NATO's Stoltenberg criticizes Russia in U.S. Congress address
NATO Secretary General Jens Stoltenberg in his first ever address at the U.S. Congress on Wednesday, April 3, said the alliance faces threats from a "more assertive Russia."
He added that NATO was not seeking to isolate Moscow at the same time, according to RFE/RL.
In his speech, Stoltenberg critisized Russia called on Moscow to return to compliance with key Cold War-era arms-control treaties.
"We do not want to isolate Russia, we strive for effective relations with Russia," he said.
The treaty in question -- the 1987 Intermediate-Range Nuclear Forces Treaty -- is on the verge of collapse, after Washington earlier this year declared it was suspending compliance. The move followed years of U.S. accusations that Moscow had violated the treaty by testing, and later deploying, a missile that was prohibited under its restrictions. Moscow has denied the missile in question violates the treaty.
"NATO has no intention of deploying land-based nuclear missiles in Europe. But NATO will always take the necessary steps to provide credible and effective deterrence," Stoltenberg said.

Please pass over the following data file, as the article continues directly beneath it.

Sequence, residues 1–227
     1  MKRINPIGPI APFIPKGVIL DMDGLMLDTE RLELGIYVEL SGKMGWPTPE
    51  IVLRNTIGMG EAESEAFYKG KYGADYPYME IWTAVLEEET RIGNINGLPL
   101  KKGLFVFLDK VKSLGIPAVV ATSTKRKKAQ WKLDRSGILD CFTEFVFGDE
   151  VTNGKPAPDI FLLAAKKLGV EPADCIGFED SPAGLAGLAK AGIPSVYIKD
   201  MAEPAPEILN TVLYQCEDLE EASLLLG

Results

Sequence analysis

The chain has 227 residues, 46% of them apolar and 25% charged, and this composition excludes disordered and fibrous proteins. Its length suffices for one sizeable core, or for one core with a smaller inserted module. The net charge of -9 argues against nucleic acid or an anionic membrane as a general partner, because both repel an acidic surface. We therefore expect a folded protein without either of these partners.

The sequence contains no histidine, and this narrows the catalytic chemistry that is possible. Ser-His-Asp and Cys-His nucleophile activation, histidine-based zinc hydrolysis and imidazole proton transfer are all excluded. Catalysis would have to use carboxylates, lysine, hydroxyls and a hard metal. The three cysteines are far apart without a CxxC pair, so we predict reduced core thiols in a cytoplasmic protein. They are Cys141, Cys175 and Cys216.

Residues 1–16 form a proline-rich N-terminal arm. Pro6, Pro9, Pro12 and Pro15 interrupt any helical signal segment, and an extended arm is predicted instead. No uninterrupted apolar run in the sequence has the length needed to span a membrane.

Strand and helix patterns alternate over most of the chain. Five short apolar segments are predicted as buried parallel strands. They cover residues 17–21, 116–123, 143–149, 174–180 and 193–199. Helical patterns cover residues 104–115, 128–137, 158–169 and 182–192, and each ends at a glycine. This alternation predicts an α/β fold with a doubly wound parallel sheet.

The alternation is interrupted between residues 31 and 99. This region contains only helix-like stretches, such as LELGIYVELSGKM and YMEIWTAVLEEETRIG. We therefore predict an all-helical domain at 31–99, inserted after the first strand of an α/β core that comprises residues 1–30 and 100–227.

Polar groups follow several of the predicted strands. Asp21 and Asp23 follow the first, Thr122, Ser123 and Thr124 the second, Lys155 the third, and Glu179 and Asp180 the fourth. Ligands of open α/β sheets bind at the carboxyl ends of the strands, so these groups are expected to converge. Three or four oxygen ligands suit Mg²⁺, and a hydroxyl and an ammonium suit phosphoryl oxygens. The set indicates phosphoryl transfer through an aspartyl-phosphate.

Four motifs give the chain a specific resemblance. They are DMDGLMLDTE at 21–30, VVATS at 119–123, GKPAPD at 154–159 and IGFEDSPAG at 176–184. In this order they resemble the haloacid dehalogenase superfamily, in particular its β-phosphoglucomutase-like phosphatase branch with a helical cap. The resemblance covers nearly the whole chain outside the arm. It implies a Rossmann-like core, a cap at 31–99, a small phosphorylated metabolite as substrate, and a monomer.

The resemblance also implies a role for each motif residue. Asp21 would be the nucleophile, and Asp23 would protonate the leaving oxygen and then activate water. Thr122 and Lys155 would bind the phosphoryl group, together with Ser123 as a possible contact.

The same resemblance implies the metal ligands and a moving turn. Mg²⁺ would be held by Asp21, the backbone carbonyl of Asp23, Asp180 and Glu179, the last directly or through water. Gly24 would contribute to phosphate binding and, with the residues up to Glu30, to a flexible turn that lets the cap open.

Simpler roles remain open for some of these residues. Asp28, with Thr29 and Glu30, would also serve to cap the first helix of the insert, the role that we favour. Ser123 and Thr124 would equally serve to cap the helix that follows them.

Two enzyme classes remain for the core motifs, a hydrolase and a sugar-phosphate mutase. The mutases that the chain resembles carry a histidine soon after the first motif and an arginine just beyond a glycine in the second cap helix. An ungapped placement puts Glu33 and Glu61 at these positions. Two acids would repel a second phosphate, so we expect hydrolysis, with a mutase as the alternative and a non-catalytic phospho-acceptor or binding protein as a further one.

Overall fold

"We do not want a new arms race. We do not want a new Cold War. But we must not be naive. An agreement that is only respected by one side will not keep us safe," he said.
Stoltenberg's visit comes as foreign ministers from the alliance's 29 member countries are gathering in Washington to mark its 70th anniversary and discuss security threats.
The gathering also comes amid persistent tensions with President Donald Trump about the how the alliance is funded. Trump has regularly complained that members are not sharing the alliance's financial burden fairly, something he raised again in a White House meeting with Stoltenberg a day earlier.
"NATO is a strong alliance. But to remain a strong alliance, NATO must be a fair alliance," Stoltenberg said in his address, addressing the issue. "In an ideal world, we would not need to spend any money on defense. But we do not live in an ideal world."
"Allies must spend more on defense. This has been the clear message from President Trump. And this message is having a real impact," he said.
After Russia illegally annexed Ukraine's Crimean Peninsula in 2014, allies agreed to boost defense spending and "move toward" spending 2 percent of their GDP on defense by 2024. The United States spends 3.4 percent of its GDP on defense.
Trump has also openly questioned the most important aspect of the alliance: that an attack on one member is considered an attack on all members.
In his speech, Stoltenberg hailed what he said was the U.S. commitment to the alliance, saying it was indicative of the warm relations that Washington has historically had with European partners.